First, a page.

Int'l Value: It’s What’s For Reflation

Int'l Value: It’s What’s For Reflation

It’s not clear if value has bounced back for the long term.

Reviewed by: Ben Lavine
Edited by: Ben Lavine

This article is part of a regular series of thought leadership pieces from some of the more influential ETF strategists in the money management industry. Today’s article features Benjamin Lavine, co-chief investment officer for 3D/L Capital Management, in Hartford, Connecticut.

Lost in the "value versus growth” debate is how the investment-style boxing match is playing out internationally. With the post-pandemic recovery largely tracking the pace of vaccination progress, investors may want to turn their attention to some of the “values” being served up in international developed markets across Europe and Asia.

Although having been late to the vaccination rollout and still wrestling with post-Brexit trade issues, investors are starting to price in a strong reflationary recovery across the eurozone, whether in currency appreciation versus the U.S. dollar, rising inflation expectations priced into sovereign debt, or the recent outperformance of regional stock markets versus the U.S. and Asia (at least so far in May).

Will Developed Markets Take The Global Growth Lead From Emerging Post-COVID?

Although the U.S. retains the lead on post-COVID recovery with early and aggressive vaccine rollouts and massive fiscal spending, the Asia growth story is presenting a different picture, particularly in China, where pro-cyclical indicators such as credit impulse (a measure of change in total social financing) and broader money supply growth are exhibiting signs of deceleration and possible outright contraction.

Figure 1 displays the Bloomberg China Credit Impulse Index juxtaposed against the IFO Pan Germany Business Climate Index, a proxy for business sentiment across the Eurozone. Unlike the pre- and post-Great Financial Crisis period of 2008-2009, where both China credit and European business sentiment fell and rose together, the post-COVID period has witnessed a growing divergence.

We believe one of the bigger macro debates to emerge over the next year is whether the export-driven global growth baton is being passed from China to Europe (really Germany), or whether China will continue its position as the gravitation center of global growth trends as it has served in the past several cycles.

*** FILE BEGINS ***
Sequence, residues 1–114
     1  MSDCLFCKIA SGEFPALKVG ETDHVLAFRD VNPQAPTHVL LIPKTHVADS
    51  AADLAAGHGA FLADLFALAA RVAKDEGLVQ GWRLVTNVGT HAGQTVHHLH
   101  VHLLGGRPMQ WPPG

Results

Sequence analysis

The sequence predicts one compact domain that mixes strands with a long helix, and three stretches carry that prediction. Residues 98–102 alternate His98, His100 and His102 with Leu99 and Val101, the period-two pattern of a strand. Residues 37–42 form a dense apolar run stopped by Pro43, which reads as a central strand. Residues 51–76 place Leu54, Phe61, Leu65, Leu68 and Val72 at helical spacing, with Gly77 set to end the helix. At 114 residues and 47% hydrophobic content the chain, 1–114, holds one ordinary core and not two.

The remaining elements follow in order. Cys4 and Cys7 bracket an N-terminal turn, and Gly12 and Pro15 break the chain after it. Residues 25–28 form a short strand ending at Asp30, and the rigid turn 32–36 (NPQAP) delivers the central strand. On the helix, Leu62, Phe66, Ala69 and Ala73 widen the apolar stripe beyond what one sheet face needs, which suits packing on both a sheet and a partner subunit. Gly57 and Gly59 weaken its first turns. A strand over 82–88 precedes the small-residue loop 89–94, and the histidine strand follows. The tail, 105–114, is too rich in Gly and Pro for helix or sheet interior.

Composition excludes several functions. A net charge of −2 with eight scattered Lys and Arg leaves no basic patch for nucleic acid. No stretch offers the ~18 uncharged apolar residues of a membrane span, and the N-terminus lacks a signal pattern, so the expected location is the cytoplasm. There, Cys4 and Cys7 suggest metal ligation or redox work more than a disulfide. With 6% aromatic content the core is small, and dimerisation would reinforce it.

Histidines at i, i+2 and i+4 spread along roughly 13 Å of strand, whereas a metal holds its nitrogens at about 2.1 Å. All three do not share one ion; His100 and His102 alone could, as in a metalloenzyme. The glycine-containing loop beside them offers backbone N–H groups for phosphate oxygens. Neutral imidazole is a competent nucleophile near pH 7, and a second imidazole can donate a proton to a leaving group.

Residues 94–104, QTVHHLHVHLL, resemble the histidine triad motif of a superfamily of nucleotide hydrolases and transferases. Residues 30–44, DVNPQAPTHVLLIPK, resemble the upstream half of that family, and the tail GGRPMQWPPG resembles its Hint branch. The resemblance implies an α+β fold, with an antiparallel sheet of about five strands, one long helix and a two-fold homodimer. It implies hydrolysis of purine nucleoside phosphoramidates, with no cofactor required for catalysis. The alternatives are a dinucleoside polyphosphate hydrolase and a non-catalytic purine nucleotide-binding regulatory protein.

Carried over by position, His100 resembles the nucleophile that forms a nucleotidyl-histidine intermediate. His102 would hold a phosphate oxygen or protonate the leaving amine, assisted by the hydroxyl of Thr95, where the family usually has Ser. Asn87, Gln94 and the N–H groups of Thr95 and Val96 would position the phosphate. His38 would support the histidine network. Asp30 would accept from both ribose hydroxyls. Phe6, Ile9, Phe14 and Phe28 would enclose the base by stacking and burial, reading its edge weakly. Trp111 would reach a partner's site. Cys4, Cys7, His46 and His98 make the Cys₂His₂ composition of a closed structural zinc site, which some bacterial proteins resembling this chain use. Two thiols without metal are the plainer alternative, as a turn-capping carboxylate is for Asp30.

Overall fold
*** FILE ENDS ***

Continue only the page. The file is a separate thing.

Figure 1: Bloomberg China Credit Impulse Diverges From Germany Business Sentiment

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Source: Bloomberg

(For a larger view, click on the image above)


If the latter, then we very well could see a shift in the global growth narrative that has both Europe and Japan (a leading manufacturer in automation and robotics) leading the post-COVID recovery through increased industrial spending and export growth, despite longer-term issues related to aging demographics and slowing population growth.

An Even More Compelling Value Opportunity Outside The US Market?

The “value” investment style has been heavily out of favor, not just in the U.S. but across global markets, for the past several years up until the COVID vaccines were announced last November. International value investing has suffered even more than the U.S. since ex-U.S. companies are generally less profitable, with lower returns on capital versus their U.S.-based counterparts.

By definition, “value”-based portfolios and indices will trade at a discount to the broader market on market capitalization-weighted basis, but we saw these valuation spreads widen dramatically throughout 2020 as “growth” style investing took off, driven by technology and highflier initial public offerings focused on digital disintermediation.